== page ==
Japanese firm commits to French factory

1st February 2007, Comments 0 comments

OSAKA, Japan, Feb 1, 2007 (AFP) - Japan's Toyo Aluminium K.K. has promised to maintain a factory in France but asked for government support in a politically charged dispute that led a French MP to go on a hunger strike.

OSAKA, Japan, Feb 1, 2007 (AFP) - Japan's Toyo Aluminium K.K. has promised to maintain a factory in France but asked for government support in a politically charged dispute that led a French MP to go on a hunger strike.

Alain Rousset, the president of France's southwestern Aquitaine region, reached an understanding over the factory in the Accous village after talks at Toyo's headquarters in the western Japanese metropolis of Osaka.

"We are going to continue to renew our efforts to develop our European market through Accous," Toyo chief executive Masao Imasu said late Wednesday.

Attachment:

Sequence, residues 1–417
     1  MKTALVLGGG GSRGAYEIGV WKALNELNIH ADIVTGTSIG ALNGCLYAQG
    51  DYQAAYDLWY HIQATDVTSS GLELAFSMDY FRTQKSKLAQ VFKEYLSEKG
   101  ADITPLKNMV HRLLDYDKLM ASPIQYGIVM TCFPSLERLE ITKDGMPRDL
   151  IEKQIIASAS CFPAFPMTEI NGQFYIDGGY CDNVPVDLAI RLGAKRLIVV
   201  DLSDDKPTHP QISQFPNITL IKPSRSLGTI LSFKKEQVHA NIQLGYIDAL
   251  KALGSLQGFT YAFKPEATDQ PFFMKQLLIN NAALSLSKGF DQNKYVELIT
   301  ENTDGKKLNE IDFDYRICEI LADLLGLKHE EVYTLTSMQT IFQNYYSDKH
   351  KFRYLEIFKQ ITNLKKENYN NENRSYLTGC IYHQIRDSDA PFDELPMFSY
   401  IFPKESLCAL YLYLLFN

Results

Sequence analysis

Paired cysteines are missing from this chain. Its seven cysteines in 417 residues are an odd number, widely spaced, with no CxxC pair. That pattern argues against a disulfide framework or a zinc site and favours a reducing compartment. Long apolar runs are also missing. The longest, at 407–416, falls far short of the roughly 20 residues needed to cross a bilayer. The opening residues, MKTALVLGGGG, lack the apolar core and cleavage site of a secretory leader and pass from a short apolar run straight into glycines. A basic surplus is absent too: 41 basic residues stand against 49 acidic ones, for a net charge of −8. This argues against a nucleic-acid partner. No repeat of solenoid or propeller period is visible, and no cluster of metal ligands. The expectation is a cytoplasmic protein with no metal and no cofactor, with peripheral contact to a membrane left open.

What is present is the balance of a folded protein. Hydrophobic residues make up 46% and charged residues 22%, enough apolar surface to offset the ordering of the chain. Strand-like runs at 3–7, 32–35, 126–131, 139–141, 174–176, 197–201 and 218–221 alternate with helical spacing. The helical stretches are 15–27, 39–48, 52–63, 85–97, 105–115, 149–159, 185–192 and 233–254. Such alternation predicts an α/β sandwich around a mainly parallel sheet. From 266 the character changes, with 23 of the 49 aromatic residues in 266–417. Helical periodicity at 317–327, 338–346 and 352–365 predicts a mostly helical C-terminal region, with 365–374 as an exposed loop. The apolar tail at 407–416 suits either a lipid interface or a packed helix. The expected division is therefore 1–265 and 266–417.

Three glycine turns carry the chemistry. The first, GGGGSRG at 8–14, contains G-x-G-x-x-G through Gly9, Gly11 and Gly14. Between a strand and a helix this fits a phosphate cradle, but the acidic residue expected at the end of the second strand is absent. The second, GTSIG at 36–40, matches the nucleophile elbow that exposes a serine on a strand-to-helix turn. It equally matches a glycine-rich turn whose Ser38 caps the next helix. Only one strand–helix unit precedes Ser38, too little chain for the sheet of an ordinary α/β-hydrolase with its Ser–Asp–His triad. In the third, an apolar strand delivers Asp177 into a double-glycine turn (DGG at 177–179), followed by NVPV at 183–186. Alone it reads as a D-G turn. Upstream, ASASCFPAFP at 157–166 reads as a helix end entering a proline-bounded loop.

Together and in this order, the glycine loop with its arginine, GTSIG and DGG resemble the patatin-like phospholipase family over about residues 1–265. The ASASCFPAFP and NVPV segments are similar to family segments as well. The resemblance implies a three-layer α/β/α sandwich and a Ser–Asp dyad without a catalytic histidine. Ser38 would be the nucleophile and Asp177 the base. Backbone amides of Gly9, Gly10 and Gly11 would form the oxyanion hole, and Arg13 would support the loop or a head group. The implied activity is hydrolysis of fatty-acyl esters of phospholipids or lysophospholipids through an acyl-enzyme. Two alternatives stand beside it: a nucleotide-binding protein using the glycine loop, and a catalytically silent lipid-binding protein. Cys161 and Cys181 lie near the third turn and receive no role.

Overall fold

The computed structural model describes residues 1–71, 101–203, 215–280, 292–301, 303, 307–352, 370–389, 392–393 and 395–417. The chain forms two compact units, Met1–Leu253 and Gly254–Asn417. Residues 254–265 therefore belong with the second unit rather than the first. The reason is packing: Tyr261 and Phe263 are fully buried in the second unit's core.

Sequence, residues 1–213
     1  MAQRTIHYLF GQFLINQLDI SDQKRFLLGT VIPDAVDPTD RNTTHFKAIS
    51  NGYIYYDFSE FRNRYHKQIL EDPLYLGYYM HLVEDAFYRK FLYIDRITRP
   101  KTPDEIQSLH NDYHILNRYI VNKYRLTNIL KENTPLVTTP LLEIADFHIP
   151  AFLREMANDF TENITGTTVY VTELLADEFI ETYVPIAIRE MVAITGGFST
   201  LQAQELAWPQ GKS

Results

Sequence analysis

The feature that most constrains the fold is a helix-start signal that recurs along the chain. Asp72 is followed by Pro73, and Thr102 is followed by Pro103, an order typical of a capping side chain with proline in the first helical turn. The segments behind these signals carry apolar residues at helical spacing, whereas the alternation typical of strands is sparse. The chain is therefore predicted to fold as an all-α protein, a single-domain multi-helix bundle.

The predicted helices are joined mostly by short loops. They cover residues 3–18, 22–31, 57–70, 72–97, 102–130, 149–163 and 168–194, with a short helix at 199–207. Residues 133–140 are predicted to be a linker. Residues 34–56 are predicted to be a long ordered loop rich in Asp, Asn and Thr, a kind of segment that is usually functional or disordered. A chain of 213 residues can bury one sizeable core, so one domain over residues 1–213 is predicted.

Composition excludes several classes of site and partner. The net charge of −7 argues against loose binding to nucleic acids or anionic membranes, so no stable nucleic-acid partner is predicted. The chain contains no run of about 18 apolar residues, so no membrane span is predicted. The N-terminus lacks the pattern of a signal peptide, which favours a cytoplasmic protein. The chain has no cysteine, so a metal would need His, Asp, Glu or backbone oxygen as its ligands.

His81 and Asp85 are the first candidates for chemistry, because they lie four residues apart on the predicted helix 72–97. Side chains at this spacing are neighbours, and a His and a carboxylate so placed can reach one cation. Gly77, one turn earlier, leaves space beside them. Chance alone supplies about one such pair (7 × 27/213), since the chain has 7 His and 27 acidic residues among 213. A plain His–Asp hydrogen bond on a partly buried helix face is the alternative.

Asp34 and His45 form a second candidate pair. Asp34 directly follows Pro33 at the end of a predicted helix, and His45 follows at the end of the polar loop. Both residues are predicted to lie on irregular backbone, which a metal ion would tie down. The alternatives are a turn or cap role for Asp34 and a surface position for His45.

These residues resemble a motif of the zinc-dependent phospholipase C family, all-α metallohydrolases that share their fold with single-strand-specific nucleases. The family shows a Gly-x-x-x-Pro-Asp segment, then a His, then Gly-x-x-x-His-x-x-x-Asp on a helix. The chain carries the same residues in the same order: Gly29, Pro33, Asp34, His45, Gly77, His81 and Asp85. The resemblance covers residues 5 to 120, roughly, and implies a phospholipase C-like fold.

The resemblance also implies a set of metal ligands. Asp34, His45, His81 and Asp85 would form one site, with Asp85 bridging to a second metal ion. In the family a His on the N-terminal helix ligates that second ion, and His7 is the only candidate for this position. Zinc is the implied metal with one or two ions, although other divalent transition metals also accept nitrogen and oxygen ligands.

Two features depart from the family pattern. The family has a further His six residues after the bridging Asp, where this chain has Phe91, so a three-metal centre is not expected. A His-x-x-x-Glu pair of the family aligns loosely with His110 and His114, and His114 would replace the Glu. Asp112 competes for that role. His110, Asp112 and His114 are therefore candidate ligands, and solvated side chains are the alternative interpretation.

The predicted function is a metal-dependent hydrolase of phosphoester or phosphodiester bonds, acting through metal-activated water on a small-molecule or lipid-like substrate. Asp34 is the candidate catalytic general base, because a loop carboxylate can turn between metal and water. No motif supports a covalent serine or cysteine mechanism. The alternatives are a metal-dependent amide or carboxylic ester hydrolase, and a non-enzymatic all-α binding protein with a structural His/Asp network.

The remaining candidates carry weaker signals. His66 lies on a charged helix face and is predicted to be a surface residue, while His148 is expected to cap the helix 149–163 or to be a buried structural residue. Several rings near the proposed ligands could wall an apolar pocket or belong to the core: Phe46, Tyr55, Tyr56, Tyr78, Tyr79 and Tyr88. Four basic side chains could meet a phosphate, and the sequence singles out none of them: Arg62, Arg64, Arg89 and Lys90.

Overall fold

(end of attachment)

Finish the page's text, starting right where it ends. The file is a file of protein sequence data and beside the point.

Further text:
Toyo unit Toya Europe will "maintain at the Accous site the current force of up to 143 people," said a joint statement signed between Imasu and the Socialist regional leader.

In return, the Aquitaine region pledged to "support investment plans for the business's research and development," it said.

Local MP Jean Lassalle, a former shepherd in the Pyrenees, last year took nothing but water, salt and vitamins for five weeks in a protest outside the French parliament to save the local factory.

Lassalle, who feared Toyo would close the factory to build a new one in a nearby town, welcomed the accord. He is scheduled to have his own meeting with the Toyo leadership on Friday.

"These are small steps in a long walk and we will soon arrive on the top of the mountain," said Lassalle, a member of the centrist UDF, part of France's ruling coalition.

Interior Minister Nicolas Sarkozy, a frontrunner in this year's presidential race, signed a deal after Lassalle's hunger strike offering financial support for the Japanese company to stay in Accous.

But disputes have since erupted on the amount the Japanese company would pay, leading to the latest spat.

"It's impossible for us to carry out normal activities and if this continues we are going to be overtaken by the competition," Imasu said.

Copyright AFP

Subject: French news

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